Reduce, Reuse, Recycle. We reduce our impact on the environment by using less electricity, fuel, and gas, but also by shopping at local markets, bulk food stores, and then everything else from the supermarket - this reduces the amount of food packaging. We reuse glass bottles as water containers around the house and we attempt to even limit our recyclables as a lifestyle choice. We are also more likely to make more sustainable and responsible choices in our day-to-day activities, where we 'vote with our dollars', so to speak. For example, we choose to buy most items without plastic packaging because we do not want that rubbish to end up in our natural and pristine spaces. Also, consider buying the fruit without plastic stickers on them - or removing them before heading out into nature.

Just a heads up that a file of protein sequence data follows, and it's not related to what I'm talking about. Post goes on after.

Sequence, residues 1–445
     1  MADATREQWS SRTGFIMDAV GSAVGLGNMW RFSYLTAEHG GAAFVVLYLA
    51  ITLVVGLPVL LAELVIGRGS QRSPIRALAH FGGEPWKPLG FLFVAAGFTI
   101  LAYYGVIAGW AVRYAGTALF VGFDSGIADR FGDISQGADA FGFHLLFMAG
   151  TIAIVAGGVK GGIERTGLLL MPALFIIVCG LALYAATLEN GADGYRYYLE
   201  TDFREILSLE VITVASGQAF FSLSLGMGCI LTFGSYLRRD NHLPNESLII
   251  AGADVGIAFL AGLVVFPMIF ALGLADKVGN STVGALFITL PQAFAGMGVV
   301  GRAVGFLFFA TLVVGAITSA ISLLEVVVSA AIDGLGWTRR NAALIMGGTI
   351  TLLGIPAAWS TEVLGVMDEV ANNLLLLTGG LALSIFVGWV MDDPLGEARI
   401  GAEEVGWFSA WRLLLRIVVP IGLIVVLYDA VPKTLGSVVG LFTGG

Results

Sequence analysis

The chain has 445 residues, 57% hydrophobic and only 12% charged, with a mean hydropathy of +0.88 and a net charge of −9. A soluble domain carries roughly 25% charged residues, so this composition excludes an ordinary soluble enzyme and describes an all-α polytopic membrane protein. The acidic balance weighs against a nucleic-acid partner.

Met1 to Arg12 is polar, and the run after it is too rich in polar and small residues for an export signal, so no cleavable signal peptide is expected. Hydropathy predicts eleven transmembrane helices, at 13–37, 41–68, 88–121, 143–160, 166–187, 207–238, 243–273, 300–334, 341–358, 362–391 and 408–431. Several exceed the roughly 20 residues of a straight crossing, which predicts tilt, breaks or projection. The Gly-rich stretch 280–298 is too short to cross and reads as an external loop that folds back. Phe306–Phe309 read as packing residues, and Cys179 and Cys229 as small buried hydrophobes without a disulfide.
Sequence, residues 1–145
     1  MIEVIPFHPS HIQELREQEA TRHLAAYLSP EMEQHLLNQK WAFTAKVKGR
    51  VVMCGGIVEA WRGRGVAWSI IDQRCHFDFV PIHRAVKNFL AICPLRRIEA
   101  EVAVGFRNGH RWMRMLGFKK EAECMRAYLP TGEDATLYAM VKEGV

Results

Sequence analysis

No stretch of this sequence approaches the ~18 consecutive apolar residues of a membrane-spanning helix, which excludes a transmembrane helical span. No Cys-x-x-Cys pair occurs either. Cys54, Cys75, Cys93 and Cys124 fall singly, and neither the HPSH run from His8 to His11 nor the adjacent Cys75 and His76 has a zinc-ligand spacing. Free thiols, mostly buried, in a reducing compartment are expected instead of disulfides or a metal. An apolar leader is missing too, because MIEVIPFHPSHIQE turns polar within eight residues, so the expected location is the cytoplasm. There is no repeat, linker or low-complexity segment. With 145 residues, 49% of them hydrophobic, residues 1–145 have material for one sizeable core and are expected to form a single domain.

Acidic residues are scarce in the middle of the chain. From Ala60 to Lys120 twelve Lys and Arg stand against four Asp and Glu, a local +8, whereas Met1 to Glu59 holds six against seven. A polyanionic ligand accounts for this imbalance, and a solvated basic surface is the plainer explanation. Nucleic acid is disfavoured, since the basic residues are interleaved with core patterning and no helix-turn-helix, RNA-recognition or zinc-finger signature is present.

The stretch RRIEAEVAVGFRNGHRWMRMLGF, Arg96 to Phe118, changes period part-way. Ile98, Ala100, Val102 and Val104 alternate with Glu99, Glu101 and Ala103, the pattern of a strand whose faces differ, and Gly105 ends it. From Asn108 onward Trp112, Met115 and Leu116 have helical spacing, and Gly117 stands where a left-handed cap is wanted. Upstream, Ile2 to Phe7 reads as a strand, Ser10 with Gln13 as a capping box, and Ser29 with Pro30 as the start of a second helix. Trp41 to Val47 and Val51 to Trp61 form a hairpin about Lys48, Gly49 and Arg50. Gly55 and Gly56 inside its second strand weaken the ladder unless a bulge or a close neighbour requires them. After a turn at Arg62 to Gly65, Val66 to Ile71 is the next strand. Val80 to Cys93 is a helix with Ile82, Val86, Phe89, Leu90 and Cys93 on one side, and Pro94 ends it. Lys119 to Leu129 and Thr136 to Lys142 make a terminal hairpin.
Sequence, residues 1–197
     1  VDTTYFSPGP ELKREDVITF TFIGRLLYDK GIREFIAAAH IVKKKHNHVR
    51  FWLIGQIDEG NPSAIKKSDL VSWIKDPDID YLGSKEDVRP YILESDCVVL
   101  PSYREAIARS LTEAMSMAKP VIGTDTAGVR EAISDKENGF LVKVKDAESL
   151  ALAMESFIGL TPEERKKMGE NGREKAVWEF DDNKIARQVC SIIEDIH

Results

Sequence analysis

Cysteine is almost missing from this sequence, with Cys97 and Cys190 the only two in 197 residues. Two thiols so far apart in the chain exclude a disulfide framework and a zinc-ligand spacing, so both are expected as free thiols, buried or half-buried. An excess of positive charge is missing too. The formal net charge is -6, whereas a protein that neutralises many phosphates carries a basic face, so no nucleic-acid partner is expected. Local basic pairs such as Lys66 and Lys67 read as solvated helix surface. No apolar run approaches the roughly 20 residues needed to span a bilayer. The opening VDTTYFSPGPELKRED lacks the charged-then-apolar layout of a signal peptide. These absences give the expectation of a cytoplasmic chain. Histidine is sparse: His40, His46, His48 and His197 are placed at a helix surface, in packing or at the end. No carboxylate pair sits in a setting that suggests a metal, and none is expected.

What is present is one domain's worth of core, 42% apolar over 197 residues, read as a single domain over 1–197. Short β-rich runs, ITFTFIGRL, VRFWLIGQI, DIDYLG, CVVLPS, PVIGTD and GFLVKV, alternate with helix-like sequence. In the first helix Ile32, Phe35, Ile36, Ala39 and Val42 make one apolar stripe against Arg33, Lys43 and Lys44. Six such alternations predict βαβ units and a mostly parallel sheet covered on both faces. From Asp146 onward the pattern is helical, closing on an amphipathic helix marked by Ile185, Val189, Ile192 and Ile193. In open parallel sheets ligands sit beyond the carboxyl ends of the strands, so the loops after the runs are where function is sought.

Your actions when finding rubbish will directly impact the next person's experience. You could also be saving an animal's life, protecting the environment, and contributing to the item being recycled properly. Walking past a mess and leaving it for the next person is just as bad. Try adding a rubbish bag to your pack list so there's no excuse for leaving litter behind. Hike It Out! The ABC's War on Waste series inspires plenty of ways to reduce the rubbish we create. Sir David Attenborough urges people to "stop waste of any kind", saying the world is precious in his "witness statement". This is the last chance, we need to act now. See the David Attenborough: A Life on Our Planet and also the Climate Change: The Facts film.